Colombian President Juan Manuel Santos on Friday won the Nobel Peace Prize for efforts to forge an agreement with FARC rebels to end the country’s 52-year civil war.
Just last Sunday, Colombians rejected that landmark deal, sending it back to the drawing table.
In awarding the prize, the Nobel committee praised Santos’ efforts toward peace and said the recognition was also a tribute to the Colombian people who “have not given up hope of a just peace.”
The “no” vote on the Colombian accord “does not necessarily mean that the peace process is dead,” but it was merely a rejection of a specific peace agreement, said Norwegian Nobel Committee Chairwoman Kaci Kullmann Five.
The conflict between the government and Marxist rebels, also known as the FARC or Revolutionary Armed Forces of Colombia, has left 220,000 people dead and displaced millions. Many Colombians who voted against the agreement thought it was too lenient on those who committed war crimes.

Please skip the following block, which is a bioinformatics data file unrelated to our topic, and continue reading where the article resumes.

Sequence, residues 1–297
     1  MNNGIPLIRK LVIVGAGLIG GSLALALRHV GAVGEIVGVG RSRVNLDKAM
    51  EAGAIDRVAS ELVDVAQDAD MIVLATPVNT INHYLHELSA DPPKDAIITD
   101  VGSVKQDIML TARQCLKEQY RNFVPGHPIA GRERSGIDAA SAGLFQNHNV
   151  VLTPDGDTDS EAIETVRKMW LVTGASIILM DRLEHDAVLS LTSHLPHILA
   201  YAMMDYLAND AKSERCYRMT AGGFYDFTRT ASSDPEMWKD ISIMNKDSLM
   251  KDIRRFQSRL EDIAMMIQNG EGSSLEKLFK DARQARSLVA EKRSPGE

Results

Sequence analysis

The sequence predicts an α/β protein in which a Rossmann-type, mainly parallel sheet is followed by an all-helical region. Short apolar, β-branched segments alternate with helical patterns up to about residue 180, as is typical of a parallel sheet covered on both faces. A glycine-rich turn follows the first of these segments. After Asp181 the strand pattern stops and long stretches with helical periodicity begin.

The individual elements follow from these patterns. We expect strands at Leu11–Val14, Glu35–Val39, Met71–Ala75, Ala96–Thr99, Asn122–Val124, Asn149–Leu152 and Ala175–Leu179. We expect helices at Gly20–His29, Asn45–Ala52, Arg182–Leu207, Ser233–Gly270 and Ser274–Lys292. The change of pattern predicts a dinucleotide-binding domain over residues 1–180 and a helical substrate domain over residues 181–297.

In an interview with PBS NewsHour co-anchor Judy Woodruff in February, Santos spoke of the long-term process of reintegrating former paramilitaries and guerrillas into society, and the need to retrain and reeducate children who were born in the rebel camps. “It’s cumbersome. It’s difficult but it’s necessary,” he said.
You can watch their full interview here:
Both he and the Nobel committee said only after the peace and reconciliation process gets underway will the country be able to address the challenges of poverty, social injustice and drug-related crimes.
“The committee hopes that the peace prize will give [Santos] strength to succeed in this demanding task,” Five said.
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